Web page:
10 must-see events at the Dublin Theatre Festival
Theatre-lovers can expect both established and emerging talent at this year's Dublin Theatre Festival, which runs until October 16. Andrew Lynch chooses his highlights
'All the world's a stage." William Shakespeare's famous line from 'As You Like It' would also be a perfect slogan for the 2016 Dublin Theatre Festival, which has a strong international flavour.
As artistic director Willie White writes in the DTF programme, "The festival took shape against a background of brutal and unsettling events that brought global conflicts much closer to home than usual". The cultural climate prompted him to include several overseas shows with a political edge, as well as local productions that reflect Ireland in this year of commemorations.
Here are 10 highlights from the festival, which opened last night and continues until October 16.
Donegal by Frank McGuinness
Abbey Theatre, Oct 12-15 (previews from Oct 6)
Fittingly enough, the national theatre's main offering is a new "musical play" from one of our greatest living playwrights. Set in Frank McGuinness's home county, Donegal takes audiences inside the close-knit world of Irish country music and contains original songs by composer Kevin Doherty.
Rather than an exercise in cosy nostalgia, however, it is a hard-hitting family drama depicting the trauma of a fading star (Siobhan McCarthy) whose commercial throne is threatened by her pushy son (Killian Donnelly).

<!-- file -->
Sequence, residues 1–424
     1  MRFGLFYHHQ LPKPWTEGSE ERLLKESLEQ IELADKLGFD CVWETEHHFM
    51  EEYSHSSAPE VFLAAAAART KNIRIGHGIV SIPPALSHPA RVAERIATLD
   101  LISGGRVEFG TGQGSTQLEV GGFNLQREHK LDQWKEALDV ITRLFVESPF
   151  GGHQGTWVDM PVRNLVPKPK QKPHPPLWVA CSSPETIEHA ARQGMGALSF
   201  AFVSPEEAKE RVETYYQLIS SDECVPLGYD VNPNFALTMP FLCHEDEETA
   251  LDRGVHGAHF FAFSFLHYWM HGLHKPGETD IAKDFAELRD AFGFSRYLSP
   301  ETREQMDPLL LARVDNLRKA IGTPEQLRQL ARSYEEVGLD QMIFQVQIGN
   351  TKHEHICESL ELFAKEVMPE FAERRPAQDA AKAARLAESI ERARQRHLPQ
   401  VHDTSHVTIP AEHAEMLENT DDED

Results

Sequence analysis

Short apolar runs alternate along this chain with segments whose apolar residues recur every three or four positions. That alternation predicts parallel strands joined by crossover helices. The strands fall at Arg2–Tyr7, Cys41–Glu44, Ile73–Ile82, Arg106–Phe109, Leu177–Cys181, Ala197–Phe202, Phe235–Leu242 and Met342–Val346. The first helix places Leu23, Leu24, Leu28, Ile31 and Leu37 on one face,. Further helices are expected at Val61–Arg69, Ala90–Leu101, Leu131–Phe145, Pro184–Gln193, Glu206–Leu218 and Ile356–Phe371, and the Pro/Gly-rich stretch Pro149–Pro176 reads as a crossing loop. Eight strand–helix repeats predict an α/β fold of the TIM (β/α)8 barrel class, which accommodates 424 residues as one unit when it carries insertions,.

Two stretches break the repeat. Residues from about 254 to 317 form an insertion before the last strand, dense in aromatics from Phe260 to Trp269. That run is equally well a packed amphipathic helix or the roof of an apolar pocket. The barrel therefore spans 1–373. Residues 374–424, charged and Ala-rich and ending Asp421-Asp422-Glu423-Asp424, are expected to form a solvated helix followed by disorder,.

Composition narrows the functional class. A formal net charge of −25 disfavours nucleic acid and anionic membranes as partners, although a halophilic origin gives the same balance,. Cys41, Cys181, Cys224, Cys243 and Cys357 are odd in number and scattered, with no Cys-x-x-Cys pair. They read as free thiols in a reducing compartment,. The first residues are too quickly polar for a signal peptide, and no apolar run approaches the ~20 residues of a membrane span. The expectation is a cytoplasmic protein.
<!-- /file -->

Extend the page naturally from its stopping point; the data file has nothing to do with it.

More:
Don Giovanni by Wolfgang Amadeus Mozart (new translation by Roddy Doyle)
Gaiety Theatre, Oct 1 & 2
Roddy Doyle's CV includes novels, plays, film scripts and musicals, so it was only a matter of time before he turned his hand to a full-scale opera. This modern version of 'Don Giovanni' relocates the story in Dublin and aims to present Mozart's notorious libertine "through a uniquely Irish lens".
It features the RTE Concert Orchestra, backing Welsh baritone David Kempster in the title role as well as local stars such as mezzo soprano Tara Erraught. We are a long way from Barrytown here - but Doyle should have the erudition and chutzpah required to carry it off.
The Father by Florian Zeller (translated by Christopher Hampton)
Gate Theatre, until Oct 15
"I feel as if I'm losing all my leaves," cries André, the central figure of Florian Zeller's harrowing drama about an elderly man sliding into dementia. 'The Father' won a 2014 Moliere award for France's best play and has been described as a Gallic version of 'King Lear'. Appropriately enough, then, this production sees Owen Roe give a towering performance that echoes his recent portrayal of Shakespeare's tragic monarch at The Abbey.
First Love by Samuel Beckett
O'Reilly Theatre, Belvedere, Oct 12-16
Barry McGovern has been internationally acclaimed for his one-man shows, which show him to be arguably the world's greatest interpreter of Samuel Beckett's work. Here he tackles one of the master's lesser-known works, a semi-autobiographical short story written in 1946. 'First Love' is narrated by a man who has been evicted from the family home following the death of his father and forms a sordid relationship with a prostitute. Michael Colgan directs a performance that promises to be captivatingly bleak, but also shot through with Beckett's trademark pitch-black humour.
Ireland Shed A Tear? by Michael Collins
The New Theatre, Sept 30-Oct 9